On the other hand, governmental secrecy, says the noted American columnist, George F. Will, breeds stupidity.6 But it breeds more than that. It breeds badly informed decisions.
The U.S. Commission on Protecting and Reducing Government Secrecy, headed by United States Senator Daniel Patrick Moynihan, said in its 1997 report “secrecy has significant consequences for the national interest when, as a result, policy-makers are not fully informed, government is not held accountable for its actions, and the public cannot engage in informed debate.”7 Greater openness, the Commission argued, fosters the free exchange of scientific information and encourages discoveries that foster economic growth. It allows for a fuller understanding of the past, so that lessons can be learned to make better decisions in the future.
“Secrecy,” concludes Senator Moynihan “is for losers.”8
Our own Former Supreme Court of Canada Justice Gerard LaForest said it eloquently in his Dagg v. Canada (Minister of Finance),  2 S.C.R. 403 at 432, decision. The overarching purpose of Canada’s access to information legislation, “is to facilitate democracy.”9 It does so first by ensuring “that citizens have the information required to participate meaningfully in the democratic process,” and secondly, so “that politicians and bureaucrats remain accountable to the citizenry.”
But when it comes to information disclosure, Bill C-31 leaves the public, once again, at the mercy of a self-serving EDC directive that obliges EDC to release only bare-boned details of its activities and compromised environmental assessments, and beyond that relies on the discretion of EDC and its client corporations to release what they choose and when. Bill C-31 denies Canadian citizens an important tool to find out what they want to know about EDC, and instead it allows EDC to tell the public what it wants the public to know.
What does this all mean for the citizens of Third World nations, who Probe International works with, and whose environment, health and safety are put at risk by EDC activities? Let me give you the case of the Chamera dams on India’s Ravi River, to put this in the most graphic and clear terms.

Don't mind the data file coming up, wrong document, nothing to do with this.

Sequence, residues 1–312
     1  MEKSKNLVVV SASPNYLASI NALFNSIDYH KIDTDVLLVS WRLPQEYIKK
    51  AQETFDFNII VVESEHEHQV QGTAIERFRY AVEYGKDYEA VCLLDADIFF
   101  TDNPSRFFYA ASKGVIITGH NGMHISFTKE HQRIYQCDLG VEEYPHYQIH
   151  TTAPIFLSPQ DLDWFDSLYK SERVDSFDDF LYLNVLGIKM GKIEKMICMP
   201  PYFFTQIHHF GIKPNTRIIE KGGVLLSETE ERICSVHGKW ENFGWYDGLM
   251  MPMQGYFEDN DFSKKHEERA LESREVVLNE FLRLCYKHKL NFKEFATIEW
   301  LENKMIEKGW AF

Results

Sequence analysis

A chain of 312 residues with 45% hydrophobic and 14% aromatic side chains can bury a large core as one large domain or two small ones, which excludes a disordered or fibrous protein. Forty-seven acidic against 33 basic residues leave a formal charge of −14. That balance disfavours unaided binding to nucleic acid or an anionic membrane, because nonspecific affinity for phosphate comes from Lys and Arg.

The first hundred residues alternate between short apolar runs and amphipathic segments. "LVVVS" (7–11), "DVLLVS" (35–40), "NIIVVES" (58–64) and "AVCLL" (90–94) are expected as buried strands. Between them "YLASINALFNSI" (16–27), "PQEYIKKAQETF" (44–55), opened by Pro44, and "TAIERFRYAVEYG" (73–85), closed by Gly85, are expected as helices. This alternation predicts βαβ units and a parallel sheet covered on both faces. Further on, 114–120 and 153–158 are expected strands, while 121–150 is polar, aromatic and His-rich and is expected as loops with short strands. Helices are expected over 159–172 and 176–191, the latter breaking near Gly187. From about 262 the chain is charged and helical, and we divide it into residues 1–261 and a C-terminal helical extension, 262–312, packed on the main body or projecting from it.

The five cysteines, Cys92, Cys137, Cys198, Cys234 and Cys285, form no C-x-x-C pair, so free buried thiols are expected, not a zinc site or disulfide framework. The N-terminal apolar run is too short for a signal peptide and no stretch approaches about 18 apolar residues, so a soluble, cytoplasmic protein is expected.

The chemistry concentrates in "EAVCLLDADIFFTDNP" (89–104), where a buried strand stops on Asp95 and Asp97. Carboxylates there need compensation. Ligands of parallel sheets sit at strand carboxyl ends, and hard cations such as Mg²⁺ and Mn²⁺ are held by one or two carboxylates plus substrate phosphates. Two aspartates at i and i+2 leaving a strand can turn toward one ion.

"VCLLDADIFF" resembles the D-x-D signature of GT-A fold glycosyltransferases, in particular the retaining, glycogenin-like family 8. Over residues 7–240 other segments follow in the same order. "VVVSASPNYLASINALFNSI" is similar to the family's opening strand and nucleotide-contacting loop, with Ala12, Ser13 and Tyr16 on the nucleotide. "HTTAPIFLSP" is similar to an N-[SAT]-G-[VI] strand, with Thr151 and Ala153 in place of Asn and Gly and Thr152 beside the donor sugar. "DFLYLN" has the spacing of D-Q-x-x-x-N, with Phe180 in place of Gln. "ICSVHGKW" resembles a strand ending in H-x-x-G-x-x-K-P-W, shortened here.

In 1984, a Canadian consortium of companies – including SNC and Acres International, Marine Industries of Montreal, and Canadian General Electric – won the contract to build the $1.3 billion Chamera I hydrodam. They won the contract thanks to $645 million in loans from CIDA and EDC – their largest joint loan ever.
In 1998, Probe International filed an Access to Information request to CIDA for details of the dam project. By the year 2000, after an appeal to the Information Commissioner of Canada, Probe International received approximately 1,600 pages of documents including correspondence, internal memos and e-mails, reports by the client (the National Hydro Power Corporation of India or NHPC), and performance and safety reports about this troubled project that were prepared by an independent monitor hired by CIDA.
Here is what the documents revealed:
• As early as 1992 and 1993, Rousseau Sauvé Warren Inc (RSW), hired by CIDA to be the Project Monitor, warned that the integrity of the dam structure is jeopardized by the inherent weakness of rock at the right abutment of the dam near the power tunnel intake. RSW said, “the power tunnel intake structure is founded on and surrounded by rock which had demonstrated several weaknesses and, therefore, may not be competent to support this very important structure without further treatment.”10